Excellent Advice For Living by Kevin Kelly

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Book Cover for Excellent Advice for Living by Kevin Kelly


The book is a collection of 450 tweetable bits of advice about relationships, career, happiness, travelling, and much more. Some are universal "No one is as impressed with your possessions as you are," some are situational "If you stop to listen to a musician or street performer for more than a minute, you owe them a dollar," but they all spark some reflection. I share some of my favourites in the main notes below.

Book Notes

  • Being enthusiastic is worth 25 IQ points.
  • Treating a person to a meal never fails and is so easy to do. It’s powerful with old friends and a great way to make new friends.
  • The more you are interested in others the more interesting they’ll find you. To be interesting, be interested.
  • Tend to the small things. More people are defeated by blisters than by mountains.
  • When you get invited to do something in the future ask yourself: Would I do this tomorrow? Not too many promises will pass that immediacy filter.
  • Compliment people behind their back. It’ll come back to you.
  • You don’t need more time because you already have all the time that you will ever get; you need more focus.
  • When a child asks an endless string of “Why?” questions, the smartest reply is “I don’t know, what do you think?”
  • When you are young, have friends who are older; when you are old, have friends who are younger.
  • You are only as young as the last time you changed your mind.
  • All the greatest prizes in life in wealth, relationships, or knowledge come from the magic of compounding interest by amplifying small steady gains.
  • Finite games are played to win or lose. Infinite games are played to keep the game going. Seek out infinite games because they yield unlimited rewards.
  • Denying or deflecting a compliment is rude. Accept it with thanks even if you believe it is not deserved.
  • Avoid wearing a hat that has more character than you do.
  • Explore or optimize? Do you optimize what you know will sell or explore with something new? Do you order a restaurant dish you are sure is great (optimize) or do you try something new? Do you keep dating new folks (explore) or try to commit to someone you met? The ideal balance for exploring new things vs. optimizing those already found is ⅓. Spend ⅓ of your time on exploring and ⅔ on optimizing and deepening. As you mature it is harder to devote time to exploring because it seems unproductive but aim for ⅓.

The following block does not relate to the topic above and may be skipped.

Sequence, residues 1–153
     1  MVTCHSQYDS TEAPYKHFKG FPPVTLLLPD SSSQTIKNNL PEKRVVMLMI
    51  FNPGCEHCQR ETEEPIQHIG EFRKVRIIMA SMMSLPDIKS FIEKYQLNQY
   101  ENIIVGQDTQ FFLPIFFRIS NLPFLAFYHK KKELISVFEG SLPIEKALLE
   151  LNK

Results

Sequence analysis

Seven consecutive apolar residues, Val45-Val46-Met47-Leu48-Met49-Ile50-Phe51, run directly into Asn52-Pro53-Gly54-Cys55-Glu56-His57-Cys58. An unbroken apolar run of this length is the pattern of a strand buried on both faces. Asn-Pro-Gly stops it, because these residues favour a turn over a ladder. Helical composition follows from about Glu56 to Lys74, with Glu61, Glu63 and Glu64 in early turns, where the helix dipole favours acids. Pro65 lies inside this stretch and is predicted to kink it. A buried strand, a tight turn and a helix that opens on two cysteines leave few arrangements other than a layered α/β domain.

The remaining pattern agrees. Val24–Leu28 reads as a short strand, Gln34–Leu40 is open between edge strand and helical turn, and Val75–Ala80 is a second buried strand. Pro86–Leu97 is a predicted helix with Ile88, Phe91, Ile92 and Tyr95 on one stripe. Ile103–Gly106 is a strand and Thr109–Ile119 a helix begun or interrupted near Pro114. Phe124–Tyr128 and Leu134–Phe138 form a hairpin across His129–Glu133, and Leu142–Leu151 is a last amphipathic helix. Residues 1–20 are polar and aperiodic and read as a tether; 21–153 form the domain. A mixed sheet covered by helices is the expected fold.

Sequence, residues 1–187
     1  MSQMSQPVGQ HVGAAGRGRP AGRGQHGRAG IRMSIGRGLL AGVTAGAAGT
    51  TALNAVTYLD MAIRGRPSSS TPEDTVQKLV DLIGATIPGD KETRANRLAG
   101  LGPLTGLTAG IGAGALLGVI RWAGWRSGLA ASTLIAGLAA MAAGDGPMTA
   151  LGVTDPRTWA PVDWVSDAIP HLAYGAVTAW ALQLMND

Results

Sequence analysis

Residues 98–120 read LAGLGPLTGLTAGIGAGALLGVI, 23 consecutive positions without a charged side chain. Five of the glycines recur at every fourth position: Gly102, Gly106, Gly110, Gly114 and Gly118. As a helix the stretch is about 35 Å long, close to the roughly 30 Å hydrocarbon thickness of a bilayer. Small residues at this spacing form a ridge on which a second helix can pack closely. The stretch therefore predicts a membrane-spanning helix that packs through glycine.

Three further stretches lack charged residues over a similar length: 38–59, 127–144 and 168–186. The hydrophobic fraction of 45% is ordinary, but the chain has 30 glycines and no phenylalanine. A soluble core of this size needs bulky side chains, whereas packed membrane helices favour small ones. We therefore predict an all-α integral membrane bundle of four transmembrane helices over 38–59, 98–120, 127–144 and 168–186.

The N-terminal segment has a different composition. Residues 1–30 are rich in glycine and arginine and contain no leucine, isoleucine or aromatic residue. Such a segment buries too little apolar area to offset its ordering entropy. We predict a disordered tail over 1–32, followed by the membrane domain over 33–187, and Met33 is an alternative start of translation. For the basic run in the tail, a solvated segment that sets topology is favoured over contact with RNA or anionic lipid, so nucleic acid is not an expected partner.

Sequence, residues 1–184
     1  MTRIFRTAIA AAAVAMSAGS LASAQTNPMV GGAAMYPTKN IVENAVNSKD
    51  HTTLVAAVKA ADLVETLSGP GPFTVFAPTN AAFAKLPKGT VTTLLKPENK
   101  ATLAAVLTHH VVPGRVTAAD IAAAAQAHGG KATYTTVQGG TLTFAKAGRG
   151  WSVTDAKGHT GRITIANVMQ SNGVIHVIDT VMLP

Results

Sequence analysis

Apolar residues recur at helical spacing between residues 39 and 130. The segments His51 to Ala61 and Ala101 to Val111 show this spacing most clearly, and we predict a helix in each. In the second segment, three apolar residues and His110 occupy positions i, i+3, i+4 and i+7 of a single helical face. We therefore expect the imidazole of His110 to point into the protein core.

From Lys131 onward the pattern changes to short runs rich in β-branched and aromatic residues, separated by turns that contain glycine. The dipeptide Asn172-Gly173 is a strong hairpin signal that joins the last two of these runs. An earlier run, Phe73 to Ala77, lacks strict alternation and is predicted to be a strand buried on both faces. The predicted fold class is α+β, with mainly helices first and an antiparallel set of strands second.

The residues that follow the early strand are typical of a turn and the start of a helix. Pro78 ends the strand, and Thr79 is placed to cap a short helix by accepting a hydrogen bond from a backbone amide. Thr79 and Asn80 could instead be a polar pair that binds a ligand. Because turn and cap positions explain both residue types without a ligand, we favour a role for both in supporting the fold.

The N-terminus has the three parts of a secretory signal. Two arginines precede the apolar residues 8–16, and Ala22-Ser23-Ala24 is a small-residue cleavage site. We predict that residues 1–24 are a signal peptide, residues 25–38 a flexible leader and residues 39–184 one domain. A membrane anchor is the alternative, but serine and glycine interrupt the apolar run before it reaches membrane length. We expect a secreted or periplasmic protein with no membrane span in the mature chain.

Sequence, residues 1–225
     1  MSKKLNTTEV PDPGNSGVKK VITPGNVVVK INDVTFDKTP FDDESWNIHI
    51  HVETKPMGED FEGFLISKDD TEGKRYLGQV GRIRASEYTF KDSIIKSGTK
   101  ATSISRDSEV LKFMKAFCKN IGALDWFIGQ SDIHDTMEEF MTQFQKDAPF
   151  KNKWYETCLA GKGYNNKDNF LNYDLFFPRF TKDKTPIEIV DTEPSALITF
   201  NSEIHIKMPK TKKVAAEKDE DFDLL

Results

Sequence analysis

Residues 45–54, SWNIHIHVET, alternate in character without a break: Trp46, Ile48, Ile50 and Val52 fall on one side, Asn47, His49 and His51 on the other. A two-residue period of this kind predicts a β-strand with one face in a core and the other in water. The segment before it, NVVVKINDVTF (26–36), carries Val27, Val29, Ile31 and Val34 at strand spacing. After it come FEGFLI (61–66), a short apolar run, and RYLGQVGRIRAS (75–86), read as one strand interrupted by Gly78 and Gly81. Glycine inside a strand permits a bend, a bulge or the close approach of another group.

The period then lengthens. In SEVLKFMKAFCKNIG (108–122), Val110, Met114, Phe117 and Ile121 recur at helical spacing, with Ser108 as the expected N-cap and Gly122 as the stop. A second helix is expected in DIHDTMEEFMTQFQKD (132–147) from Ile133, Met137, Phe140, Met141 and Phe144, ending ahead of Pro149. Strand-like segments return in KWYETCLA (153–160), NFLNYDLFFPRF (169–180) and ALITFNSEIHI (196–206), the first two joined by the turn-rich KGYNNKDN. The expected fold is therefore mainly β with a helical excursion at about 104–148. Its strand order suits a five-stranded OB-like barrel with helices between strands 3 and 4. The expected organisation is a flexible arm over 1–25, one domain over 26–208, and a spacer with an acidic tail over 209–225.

• If we all threw our troubles into a big pile and we saw everyone else’s problems we would immediately grab ours back.
  • When you find something you really enjoy, do it slowly.
  • The best way to advise young people is to find out what they really want to do and then advise them to do it.
  • For a great payoff be especially curious about the things you are not interested in.
  • You will spend one third of your life in your bed sleeping, and almost another third in your chair sitting. It’s worth investing in a great bed and fantastic chair.
  • Instead of asking your child what they learned today, ask them who they helped today.
  • If you are stuck in life, travel to a place you have never heard of.
  • The rich have money. The wealthy have time. It is easier to become wealthy than rich.
  • Embrace pronoia which is the opposite of paranoia. Choose to believe that the entire universe is conspiring behind your back to make you a success.
  • Re-visioning the ordinary is what art, literature, and comedy do, you can elevate the mundane details into magical wonders simply by noticing them.
  • See that old person taking forever in line? That is the future you. Have patience.
  • The chief prevention against getting old is to remain astonished.
  • Life lessons will be presented to you in the order they are needed. Everything you need to master the lesson is within you. Once you have truly learned a lesson you will be presented with the next one. If you are alive that means you still have lessons to learn.
  • Very few regrets in life are about what you did. Almost all are about what you didn’t do.
  • Your goal is to be able to say on the day before you die that you have fully become yourself.
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